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Enhancing the ACE Control Center for the Multiple uses of Spacecraft Integration and Test and Mission and Science Operations

Snow, Frank and Garrard, Thomas L. and Steck, Jane A. and Maury, Jesse L. (1996) Enhancing the ACE Control Center for the Multiple uses of Spacecraft Integration and Test and Mission and Science Operations. In: Space Mission Operations and Ground Data Systems - SpaceOps '96, Proceedings of the Fourth International Symposium held 16-20 September 1996 in Munich, Germany. ESA Special Publication. No.SP-394. European Space Agency , Paris, France, pp. 1124-1131.

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NASA, at the direction of its Administrator, is undertaking a grand challenge of change for "faster, better, cheaper; strong emphasis is now being placed on staying within cost projections while still meeting schedule and performance goals. This led NASA to mandate fixed-price, capped-cost programs. The Advanced Composition Explorer (ACE) is the first mission to be funded in this manner. Consequently, the ACE Project has sought novel approaches and techniques to constrain costs without compromising schedule or science goals. A key approach that has been adopted is novel, multiple reusage of the ACE control center subsystem. ACE will use a version of the Transportable Payload Operations Control Center (TPOCC) for its mission operations. It was determined in Phase 8 of the ACE Project that a potential existed for substantial savings if the adaptation of the TPOCC for ACE Mission Operations could include adapting it as well for use as the primary component in the Ground Support Equipment for Integration and Testing of the ACE Spacecraft and, at the same time, also adapting it be the basic component in the ACE Science Center; thus, realizing three separate uses for essentially the same system. Implementing this approach required enhancing the TPOCC requirements, significant changes in its development schedule, and changes in the allocation and activities of personnel responsible for development of ACE operations. This paper discusses how these issues were addressed, the unforeseen problems that have been encountered, how these problems have been resolved, and an evaluation of what this approach portends for application to future missions.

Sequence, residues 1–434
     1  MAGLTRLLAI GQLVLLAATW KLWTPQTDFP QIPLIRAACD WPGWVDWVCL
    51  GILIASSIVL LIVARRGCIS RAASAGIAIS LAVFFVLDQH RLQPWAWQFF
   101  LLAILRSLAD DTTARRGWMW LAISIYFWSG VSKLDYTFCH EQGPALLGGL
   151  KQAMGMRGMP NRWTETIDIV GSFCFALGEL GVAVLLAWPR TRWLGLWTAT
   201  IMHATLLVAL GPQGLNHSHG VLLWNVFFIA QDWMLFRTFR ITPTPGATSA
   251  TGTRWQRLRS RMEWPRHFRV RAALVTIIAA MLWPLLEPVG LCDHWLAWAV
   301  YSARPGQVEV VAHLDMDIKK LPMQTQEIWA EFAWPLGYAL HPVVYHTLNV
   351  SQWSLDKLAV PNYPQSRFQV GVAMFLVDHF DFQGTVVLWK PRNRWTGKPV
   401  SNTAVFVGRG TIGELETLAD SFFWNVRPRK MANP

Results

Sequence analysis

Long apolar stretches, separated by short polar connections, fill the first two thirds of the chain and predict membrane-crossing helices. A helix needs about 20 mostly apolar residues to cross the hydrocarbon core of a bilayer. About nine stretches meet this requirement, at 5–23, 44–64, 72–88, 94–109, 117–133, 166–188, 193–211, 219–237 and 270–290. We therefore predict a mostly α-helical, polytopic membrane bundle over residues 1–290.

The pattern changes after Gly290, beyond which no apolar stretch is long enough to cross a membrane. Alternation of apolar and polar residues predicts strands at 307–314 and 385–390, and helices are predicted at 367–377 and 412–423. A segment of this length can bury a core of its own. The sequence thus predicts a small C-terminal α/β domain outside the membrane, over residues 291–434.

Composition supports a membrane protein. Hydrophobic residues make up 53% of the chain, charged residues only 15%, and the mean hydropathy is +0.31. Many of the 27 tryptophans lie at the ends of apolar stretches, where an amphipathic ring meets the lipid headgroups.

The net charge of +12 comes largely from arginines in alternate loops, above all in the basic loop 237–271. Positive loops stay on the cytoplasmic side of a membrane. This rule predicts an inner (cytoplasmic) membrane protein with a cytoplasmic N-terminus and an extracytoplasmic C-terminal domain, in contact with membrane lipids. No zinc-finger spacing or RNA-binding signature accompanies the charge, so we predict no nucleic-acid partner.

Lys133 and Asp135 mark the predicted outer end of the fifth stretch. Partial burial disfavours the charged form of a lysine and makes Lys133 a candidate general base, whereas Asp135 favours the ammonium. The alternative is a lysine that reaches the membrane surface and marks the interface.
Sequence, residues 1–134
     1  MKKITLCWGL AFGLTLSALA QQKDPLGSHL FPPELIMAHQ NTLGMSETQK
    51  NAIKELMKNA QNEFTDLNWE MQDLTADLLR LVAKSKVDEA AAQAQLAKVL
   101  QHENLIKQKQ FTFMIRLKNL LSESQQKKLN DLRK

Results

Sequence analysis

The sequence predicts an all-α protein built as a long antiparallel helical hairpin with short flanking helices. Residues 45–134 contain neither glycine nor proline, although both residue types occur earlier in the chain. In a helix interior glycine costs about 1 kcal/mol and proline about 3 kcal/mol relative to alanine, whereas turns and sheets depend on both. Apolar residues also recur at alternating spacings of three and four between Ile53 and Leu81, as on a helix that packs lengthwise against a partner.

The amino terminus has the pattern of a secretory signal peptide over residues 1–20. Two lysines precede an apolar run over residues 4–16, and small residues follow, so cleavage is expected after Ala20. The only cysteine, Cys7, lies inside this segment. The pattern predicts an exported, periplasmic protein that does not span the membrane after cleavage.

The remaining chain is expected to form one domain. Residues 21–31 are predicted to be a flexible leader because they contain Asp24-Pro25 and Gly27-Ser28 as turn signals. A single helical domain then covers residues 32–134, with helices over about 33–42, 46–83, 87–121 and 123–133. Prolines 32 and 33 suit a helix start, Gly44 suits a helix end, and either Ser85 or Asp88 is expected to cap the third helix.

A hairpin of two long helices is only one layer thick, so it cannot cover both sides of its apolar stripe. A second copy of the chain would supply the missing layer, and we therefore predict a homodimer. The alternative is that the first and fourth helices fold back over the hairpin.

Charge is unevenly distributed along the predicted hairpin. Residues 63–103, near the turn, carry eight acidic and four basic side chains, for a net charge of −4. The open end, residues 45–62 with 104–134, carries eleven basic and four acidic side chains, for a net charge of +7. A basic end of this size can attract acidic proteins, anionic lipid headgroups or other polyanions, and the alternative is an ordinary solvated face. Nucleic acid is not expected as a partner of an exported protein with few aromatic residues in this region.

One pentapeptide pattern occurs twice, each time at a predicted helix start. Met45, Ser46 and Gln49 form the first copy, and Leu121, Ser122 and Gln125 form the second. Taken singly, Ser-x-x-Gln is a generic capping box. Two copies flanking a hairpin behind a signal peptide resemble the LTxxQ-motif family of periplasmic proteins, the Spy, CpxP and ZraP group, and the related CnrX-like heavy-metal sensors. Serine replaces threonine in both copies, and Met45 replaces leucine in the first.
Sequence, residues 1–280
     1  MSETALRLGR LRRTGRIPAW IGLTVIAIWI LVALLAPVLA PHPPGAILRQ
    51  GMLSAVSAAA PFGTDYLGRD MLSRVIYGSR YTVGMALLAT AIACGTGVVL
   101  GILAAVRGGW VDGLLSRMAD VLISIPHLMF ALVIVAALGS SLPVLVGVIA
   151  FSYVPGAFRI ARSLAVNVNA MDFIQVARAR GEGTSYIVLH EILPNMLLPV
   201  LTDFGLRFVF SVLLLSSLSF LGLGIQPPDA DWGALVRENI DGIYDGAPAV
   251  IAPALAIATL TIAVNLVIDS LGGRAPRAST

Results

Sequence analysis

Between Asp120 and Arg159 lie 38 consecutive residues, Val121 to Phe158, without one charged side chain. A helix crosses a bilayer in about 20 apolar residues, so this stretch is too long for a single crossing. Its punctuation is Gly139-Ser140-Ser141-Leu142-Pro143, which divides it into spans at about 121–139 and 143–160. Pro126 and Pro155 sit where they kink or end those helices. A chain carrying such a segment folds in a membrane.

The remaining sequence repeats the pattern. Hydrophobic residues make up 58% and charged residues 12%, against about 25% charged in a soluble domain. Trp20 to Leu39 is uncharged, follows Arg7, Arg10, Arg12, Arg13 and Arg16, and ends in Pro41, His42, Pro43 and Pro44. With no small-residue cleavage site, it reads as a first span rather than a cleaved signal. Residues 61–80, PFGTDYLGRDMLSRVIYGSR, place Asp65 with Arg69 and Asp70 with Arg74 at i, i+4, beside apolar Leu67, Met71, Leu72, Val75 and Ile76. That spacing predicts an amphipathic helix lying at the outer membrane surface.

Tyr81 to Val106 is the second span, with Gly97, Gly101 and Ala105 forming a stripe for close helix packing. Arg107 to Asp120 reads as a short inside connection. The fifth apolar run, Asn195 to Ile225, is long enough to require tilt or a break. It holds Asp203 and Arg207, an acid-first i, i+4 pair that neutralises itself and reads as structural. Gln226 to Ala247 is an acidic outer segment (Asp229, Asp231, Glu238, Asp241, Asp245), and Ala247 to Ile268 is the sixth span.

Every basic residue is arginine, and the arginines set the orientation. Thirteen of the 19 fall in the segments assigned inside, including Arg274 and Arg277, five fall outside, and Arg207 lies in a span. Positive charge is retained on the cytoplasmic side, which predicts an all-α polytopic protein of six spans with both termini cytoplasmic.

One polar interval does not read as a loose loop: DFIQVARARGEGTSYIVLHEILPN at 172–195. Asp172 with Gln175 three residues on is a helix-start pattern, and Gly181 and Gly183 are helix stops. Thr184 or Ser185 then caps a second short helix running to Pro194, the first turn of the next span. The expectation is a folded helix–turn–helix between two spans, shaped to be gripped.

Item Type:Book Section
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Additional Information:© 1996 European Space Agency. Provided by the NASA Astrophysics Data System.
Group:Space Radiation Laboratory
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Other Numbering System NameOther Numbering System ID
Space Radiation Laboratory1996-32
Series Name:ESA Special Publication
Issue or Number:SP-394
Record Number:CaltechAUTHORS:20140703-221959133
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Usage Policy:No commercial reproduction, distribution, display or performance rights in this work are provided.
ID Code:46846
Deposited By: Deborah Miles
Deposited On:24 Jul 2014 23:46
Last Modified:03 Oct 2019 06:46

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